Review 2 (by Loris Bozzato)

(RELEVANCE TO ESWC) The work presents an application of the Semantic Web technologies to the realization of a MSN framework, thus it is sufficiently relevant to the topics of the conference.
(NOVELTY OF THE PROPOSED SOLUTION) The paper proposes some novel contributions: however it does not sufficiently compare them with related approaches in order to understand the novelty of the proposals.
(CORRECTNESS AND COMPLETENESS OF THE PROPOSED SOLUTION) No apparent technical flaws in the proposed solution are evident from its presentation in the paper.
(EVALUATION OF THE STATE-OF-THE-ART) In the discussion of the related works (Section 3), the comparison of the considered approaches w.r.t. the inspected requirements (cf. Table 2) should be expanded: it is not always evident from the discussion in which sense the approach is "partial" with respect to a given requirement.
(DEMONSTRATION AND DISCUSSION OF THE PROPERTIES OF THE PROPOSED APPROACH) The main problem with the presentation of the paper stands in the evaluation of the properties of the proposed approach: the experiemental evaluation presented in Section 5 appears to only consider the scalability of the developed system in a test scenario.
Thus, it only evaluates part of the work presented in the paper i.e. the implementation of the framework: for example, it is not clear how the event modelling language compares with other related approaches, thus motivating its need.
(REPRODUCIBILITY AND GENERALITY OF THE EXPERIMENTAL STUDY) The experimental study only considers the scalability of the approach w.r.t. different dimensions of the scenario. It does not provide a justification e.g. for the applicability of the approach to different scenarios or the generality of the presented representation of events. Moreover, the system and test data are not available, so that the tests are not directly reproducible.
The paper presents an approach and a system for the modelling and detection of complex events in multimedia sensor networks.
The authors introduce the CEMID framework in order to offer a comprehensive solution to the challenges provided by the modelling of MSNs, the modelling of their composite events, multimedia data interpretation and event detection in near-real-time.
The CEMID framework is presented by introducing its components: MSSN-Onto, an ontology for for modelling MSNs; the CEMiD language, a SPARQL-like language for defining complex events; an event processing system, that uses the proposed ontology and language to detect complex events in near-real-time. For the latter component, an experimental evaluation showing its scalability is provided.
- The approach presents a comprehensive solution for complex event modelling and detection in MSN scenarios
- The paper is clearly written and the running example helps in uderstanding the application of the approach
- The experimental evaluation about the system scalability appears to be promising.
- The motivation in developing new solutions for each of the components of the framework should be better explained
- The evaluation only covers the event detection system: no assesment is provided for the MSN model ontology or complex event modelling language
- The discussion in the limits of the related works should be extended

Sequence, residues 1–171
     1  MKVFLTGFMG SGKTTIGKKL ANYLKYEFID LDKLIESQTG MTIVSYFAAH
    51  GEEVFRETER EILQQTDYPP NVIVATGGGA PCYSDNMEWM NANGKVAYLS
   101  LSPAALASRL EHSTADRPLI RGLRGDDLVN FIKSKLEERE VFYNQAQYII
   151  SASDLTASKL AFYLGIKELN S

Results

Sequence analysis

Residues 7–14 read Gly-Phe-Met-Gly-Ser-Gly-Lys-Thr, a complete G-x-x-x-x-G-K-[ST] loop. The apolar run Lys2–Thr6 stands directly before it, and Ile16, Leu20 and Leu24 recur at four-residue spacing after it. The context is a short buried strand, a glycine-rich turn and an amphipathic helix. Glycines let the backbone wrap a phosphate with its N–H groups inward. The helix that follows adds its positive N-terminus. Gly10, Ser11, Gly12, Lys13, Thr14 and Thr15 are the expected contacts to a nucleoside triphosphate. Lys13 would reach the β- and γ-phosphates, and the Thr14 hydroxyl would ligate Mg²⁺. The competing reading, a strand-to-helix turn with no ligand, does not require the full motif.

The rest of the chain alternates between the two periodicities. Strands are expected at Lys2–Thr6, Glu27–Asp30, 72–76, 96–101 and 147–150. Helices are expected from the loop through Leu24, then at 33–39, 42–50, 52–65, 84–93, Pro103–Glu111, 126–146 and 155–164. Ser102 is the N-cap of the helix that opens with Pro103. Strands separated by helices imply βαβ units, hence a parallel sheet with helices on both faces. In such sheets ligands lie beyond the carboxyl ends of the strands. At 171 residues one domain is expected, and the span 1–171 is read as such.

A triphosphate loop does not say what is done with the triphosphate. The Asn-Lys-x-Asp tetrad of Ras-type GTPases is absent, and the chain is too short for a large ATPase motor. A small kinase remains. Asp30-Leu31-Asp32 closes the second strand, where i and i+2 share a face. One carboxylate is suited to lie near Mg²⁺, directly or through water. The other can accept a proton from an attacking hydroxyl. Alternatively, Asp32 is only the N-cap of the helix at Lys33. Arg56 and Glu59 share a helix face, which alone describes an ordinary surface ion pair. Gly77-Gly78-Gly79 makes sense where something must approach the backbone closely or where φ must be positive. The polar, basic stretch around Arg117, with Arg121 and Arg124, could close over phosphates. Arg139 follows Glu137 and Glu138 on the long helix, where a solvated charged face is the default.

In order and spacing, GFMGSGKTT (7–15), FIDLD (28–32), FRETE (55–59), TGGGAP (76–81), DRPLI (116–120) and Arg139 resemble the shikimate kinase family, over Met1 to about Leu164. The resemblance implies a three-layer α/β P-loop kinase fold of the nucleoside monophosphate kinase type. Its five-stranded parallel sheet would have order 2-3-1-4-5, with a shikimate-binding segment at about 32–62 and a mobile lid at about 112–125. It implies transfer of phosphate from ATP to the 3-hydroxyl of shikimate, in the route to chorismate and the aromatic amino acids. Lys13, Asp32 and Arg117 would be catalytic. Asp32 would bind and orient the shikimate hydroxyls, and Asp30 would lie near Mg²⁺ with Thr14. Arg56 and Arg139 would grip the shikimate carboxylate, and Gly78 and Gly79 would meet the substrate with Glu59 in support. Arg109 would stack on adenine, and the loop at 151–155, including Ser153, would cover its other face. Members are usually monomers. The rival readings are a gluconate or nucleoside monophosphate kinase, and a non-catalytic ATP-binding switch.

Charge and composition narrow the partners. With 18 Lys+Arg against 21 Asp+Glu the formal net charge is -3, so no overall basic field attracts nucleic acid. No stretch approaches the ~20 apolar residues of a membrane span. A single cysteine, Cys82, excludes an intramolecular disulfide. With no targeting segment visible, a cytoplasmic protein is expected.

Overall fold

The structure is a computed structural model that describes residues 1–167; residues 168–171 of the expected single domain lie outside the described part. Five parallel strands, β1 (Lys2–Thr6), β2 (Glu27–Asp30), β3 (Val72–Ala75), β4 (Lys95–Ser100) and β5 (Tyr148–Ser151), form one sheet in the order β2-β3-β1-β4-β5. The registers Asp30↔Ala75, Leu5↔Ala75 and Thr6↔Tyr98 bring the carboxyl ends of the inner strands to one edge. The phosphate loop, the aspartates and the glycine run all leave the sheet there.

- How can you motivate the need for developing MSSN-Onto and CEMiD language? Why current solutions are not enough and why these can not be extended to be used in your framework?
- Is there any plan for evaluating MSSN-Onto and CEMiD language e.g. by showing that these can simplify the modelling of complex scenarios?
- What are the benefits of using semantic technologies in the presented event detection problem?
Added after rebuttal:
I acknowledge the authors' comments to reviews provided in their response letter.
However, the authors' reply does not help in clarifying the novelty of the paper contributions, the need for some of the proposed solutions (MSSN-Onto and CEMiD language) and outcomes of the experimental results. These aspects need to be addressed in the paper to justify the claimed contributions of the work: considering this, unfortunately, I have to lower my scores.

Review 3 (by anonymous reviewer)

(RELEVANCE TO ESWC) As the paper proposes a semantic framework for the problem of sense making of sensor data the paper is surely relevant to ESWC.
(NOVELTY OF THE PROPOSED SOLUTION) Unfortunately, I don't think the proposed solution is novel. Indeed, in my opinion the authors have not carefully reviewed the literature. There is plenty of relevant work in this space, both within the semantic web community and beyond.
(CORRECTNESS AND COMPLETENESS OF THE PROPOSED SOLUTION) The work seems correct. Completeness is difficult to judge here. Obviously, the work is inherently limited to the scenario the authors are proposing, that of a smart office (which strongly relates to smart spaces more generally, e.g. also smart homes). The problem of modeling, detecting and representing complex events in multimedia sensors obviously goes beyond such scenario. It is difficult to tell how well the proposed solution scales out to other domains (say emergency or scientific research infrastructures). Furthermore, the described situations are (as usual for this kind of papers) relatively trivial: "excessive working light" and "overpowered heater".
(EVALUATION OF THE STATE-OF-THE-ART) Authors need to substantially improve here. The work is not critically evaluated against the state of the art. Furthermore, I would argue that some statements are factually not correct. For instance, the authors claim that "However, we can support event processing in MSNs, while ESPER cannot". To my understanding, ESPER is designed for complex event processing and supports user-defined functions. Indeed, it should be feasible to implement a face detection algorithm similarly to how the authors argue have implemented in the paper.